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I enjoy learning and I love to help others to learn through non-judgmental, fun yet practical ways. I am a journalist by trade and was in the newspaper industry for more than 20 years as a news reporter and editor. I eventually moved into advocacy journalism and am now the media director for an education and advocacy organization.

I have lived in Germany and Poland, and have visited many countries in Europe, Eastern Europe, the Middle East, as well as Mexico and Peru. I was a German major in college and also studied Polish. I've also studied Arabic, Spanish and French.

My skill set includes strong editing skills and expository writing. I love to help others learn how to write cleanly and efficiently. I also have taught English as a Second Language at a community college in the Midwest.

Throughout the years, I also ran 4-H and Girl Scout troupes for my daughters, and I've taught Sunday school for years.

I look forward to working with you or your child and hope to help everyone achieve success!

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Kristin’s Qualifications

Education & Certification

Undergraduate Degree: University of Illinois at Chicago - Bachelors, German


Reading, hiking, knitting, swimming, writing, ballet, fine arts

Tutoring Subjects

Q & A

What is your teaching philosophy?

My teaching philosophy is to help the student achieve success in a stress-free, non-judgmental, fun environment.

What might you do in a typical first session with a student?

Icebreakers are a good way to put the student at ease. We'd chat a bit and share favorite moments, hobbies, and activities, as well as things we may not enjoy so much, so we can get to learn each other and start to establish trust.

How can you help a student become an independent learner?

The most important factor is to empower the student to act for himself or herself. In other words, the tutor should not supply the answers, but should supply the path upon which the student will gradually learn the answer.

How would you help a student stay motivated?

Through laughter, and constructive comments. If boredom seems to be setting in, then we would shift gears.

If a student has difficulty learning a skill or concept, what would you do?

I would leave the concept for a while and perhaps backtrack to an area where the student is already comfortable so as to maintain confidence. I would also ask the student questions to see if I could determine where the problem lie. Then, I'd find a different way to approach the issue.

How do you help students who are struggling with reading comprehension?

Sometimes reading comprehension comes from a lack of vocabulary. We would learn vocabulary by a variety of means, such as playing concentration, picture games and memory games.

What strategies have you found to be most successful when you start to work with a student?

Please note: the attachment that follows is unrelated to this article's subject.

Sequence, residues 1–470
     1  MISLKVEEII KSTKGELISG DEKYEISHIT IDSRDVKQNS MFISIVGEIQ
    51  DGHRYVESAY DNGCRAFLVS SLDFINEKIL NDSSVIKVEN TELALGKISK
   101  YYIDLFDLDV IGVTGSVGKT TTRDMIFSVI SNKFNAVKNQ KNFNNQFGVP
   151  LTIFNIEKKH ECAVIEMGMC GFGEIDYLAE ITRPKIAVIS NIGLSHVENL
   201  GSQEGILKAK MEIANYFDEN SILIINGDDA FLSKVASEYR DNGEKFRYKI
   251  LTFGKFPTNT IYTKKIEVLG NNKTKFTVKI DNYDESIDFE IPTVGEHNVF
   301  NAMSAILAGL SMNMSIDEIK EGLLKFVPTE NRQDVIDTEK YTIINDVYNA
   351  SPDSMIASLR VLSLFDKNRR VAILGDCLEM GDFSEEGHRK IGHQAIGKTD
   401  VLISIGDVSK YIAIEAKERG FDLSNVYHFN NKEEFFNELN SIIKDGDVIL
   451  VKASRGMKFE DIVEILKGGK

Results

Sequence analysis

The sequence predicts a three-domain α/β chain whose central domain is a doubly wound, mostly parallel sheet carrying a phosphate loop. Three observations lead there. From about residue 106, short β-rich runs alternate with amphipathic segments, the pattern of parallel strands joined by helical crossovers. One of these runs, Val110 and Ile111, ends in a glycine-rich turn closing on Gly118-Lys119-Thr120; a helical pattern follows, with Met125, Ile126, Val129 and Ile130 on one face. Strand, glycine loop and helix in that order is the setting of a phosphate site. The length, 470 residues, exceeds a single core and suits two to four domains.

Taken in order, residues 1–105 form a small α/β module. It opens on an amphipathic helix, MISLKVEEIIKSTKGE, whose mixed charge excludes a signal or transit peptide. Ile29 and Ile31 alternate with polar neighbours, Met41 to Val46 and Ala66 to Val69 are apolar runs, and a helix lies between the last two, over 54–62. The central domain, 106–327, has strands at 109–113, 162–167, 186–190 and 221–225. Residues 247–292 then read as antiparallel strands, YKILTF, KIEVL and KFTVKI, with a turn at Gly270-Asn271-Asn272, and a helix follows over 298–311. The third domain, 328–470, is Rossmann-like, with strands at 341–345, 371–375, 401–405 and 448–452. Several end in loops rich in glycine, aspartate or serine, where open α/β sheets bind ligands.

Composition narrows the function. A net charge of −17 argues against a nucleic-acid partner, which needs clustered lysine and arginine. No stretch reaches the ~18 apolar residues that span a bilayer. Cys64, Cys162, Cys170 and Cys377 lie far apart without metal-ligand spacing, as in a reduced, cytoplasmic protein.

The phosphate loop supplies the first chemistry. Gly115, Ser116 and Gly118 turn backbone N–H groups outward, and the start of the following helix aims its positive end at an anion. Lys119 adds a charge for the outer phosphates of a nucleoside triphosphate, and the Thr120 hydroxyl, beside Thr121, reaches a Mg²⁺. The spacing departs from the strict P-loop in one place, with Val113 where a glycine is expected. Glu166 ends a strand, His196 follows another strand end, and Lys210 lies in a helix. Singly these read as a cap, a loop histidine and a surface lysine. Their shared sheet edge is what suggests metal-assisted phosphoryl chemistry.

The most successful strategy is to make sure the student is at ease. A student who is seeking out tutoring may already have some negative feelings about learning. It would be my job to help the student see that learning is not threatening and can even be fun. The most important element is to treat each student with dignity and respect.

How would you help a student get excited/engaged with a subject that they are struggling in?

Mostly by playing games, or finding alternative routes to approaching the subject. This would be student-driven.

What techniques would you use to be sure that a student understands the material?

There are many ways to determine if a student is grasping a topic. The easiest and less stressful is simply questioning and reviewing. Playing games, such as trivia or jeopardy, for instance, is another good way to ascertain comprehension.

How do you build a student's confidence in a subject?

You help build a student's confidence by approaching the subject in steps. This allows the student to master one concept before tackling the next one. This is a great way to build confidence.

How do you evaluate a student's needs?

Communication is need in evaluating a student's needs. This comes by building trust, treating the student with respect and by asking to make sure the student is comfortable. Watching body language is also important because certain students may not feel comfortable articulating feelings.

How do you adapt your tutoring to the student's needs?

It is imperative to remember that the tutoring is for the student's sake, not mine. In other words, the tutor must be responsive and flexible and willing to change course quickly if the student reacts to one method more positively than another.

What types of materials do you typically use during a tutoring session?

I would use video, an online "chalk board," flash cards, and games.

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